Attainment of a research doctorate is a pinnacle of academic achievement. In any national system, the PhD demonstrates the ability to produce original, significant and important knowledge in a specialised field. Its attainment signifies the capacity to produce and reproduce knowledge at the most advanced level.
Advice about how to achieve a PhD usually falls short of relevance because the ways of creating and reporting knowledge differ dramatically from one disciplinary field and specialisation to another. Yet supervisors and doctoral candidates alike know that there are certain protocols or parameters, often inexplicit in nature, that govern its achievement and that need to be mastered. This book sets out to explore the nature of these protocols and parameters, linking them to the cognate characteristics of fields of knowledge and to social conventions constraining how new knowledge is reported.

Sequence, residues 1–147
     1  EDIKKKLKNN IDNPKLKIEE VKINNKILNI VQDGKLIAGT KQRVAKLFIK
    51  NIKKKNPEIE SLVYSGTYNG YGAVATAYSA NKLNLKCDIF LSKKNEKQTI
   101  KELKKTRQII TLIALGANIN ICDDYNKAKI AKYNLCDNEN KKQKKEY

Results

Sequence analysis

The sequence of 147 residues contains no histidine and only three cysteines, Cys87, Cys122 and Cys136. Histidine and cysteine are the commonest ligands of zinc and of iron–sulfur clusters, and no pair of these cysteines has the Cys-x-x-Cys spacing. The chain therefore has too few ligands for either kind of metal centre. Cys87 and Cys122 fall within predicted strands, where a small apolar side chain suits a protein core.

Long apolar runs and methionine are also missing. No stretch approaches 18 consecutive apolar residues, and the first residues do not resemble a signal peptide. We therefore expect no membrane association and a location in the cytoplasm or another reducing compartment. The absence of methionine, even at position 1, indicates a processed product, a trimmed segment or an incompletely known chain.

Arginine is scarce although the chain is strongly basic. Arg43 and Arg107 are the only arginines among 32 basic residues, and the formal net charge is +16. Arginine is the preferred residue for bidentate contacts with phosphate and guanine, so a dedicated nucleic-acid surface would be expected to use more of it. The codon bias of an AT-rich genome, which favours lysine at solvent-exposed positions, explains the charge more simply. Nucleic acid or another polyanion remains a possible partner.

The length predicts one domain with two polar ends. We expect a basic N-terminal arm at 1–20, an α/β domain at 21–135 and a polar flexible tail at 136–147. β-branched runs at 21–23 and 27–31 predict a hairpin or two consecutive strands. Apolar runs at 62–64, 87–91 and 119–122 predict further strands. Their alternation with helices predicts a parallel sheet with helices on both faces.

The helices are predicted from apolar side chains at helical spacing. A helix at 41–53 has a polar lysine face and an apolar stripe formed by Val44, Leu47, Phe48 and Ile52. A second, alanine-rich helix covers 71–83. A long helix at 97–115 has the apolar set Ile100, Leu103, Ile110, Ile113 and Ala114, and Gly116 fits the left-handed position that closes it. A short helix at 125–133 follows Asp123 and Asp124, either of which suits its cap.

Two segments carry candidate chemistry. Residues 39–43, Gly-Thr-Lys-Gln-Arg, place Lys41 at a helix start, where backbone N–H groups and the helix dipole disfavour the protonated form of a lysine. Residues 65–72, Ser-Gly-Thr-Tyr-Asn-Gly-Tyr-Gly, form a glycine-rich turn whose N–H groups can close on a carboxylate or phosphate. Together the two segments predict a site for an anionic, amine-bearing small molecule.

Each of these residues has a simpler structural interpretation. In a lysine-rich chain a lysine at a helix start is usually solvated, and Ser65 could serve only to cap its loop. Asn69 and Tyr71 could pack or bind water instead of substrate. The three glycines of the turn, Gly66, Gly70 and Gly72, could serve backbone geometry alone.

‘Disciplines and Doctorates’ provides a detailed analysis of the experience of learning to make new knowledge at the level of the research doctorate. It does so from the perspectives of both supervisors and candidates across a range of disciplines in different university settings. It draws principally upon a very large-scale, empirical investigation at a number of Australian universities. It also provides a comparative account of doctoral study in different national systems.
‘This book can be counted as making a significant contribution to the scholarly literature on postgraduate education. It is however more than that: individual doctoral students and supervisors as well as University Graduate Schools will be able to benefit from the book’s practical advice, and it also promises to be a valuable addition to courses on Teaching and Learning.
A striking feature of the book is the use of quotations from numerous interviews. The author uses these skilfully to illustrate her analysis, bringing added life to an already well written and readable text’
Professor Tony Becher